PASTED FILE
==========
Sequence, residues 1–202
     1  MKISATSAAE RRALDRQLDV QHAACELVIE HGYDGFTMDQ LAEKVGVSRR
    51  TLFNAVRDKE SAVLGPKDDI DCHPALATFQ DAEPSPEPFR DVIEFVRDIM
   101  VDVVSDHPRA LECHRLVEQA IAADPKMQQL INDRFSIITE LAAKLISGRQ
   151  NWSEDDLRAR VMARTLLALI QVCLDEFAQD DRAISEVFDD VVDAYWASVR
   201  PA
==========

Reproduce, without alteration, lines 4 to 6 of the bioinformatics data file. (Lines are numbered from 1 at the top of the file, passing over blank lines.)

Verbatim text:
   101  VDVVSDHPRA LECHRLVEQA IAADPKMQQL INDRFSIITE LAAKLISGRQ
   151  NWSEDDLRAR VMARTLLALI QVCLDEFAQD DRAISEVFDD VVDAYWASVR
   201  PA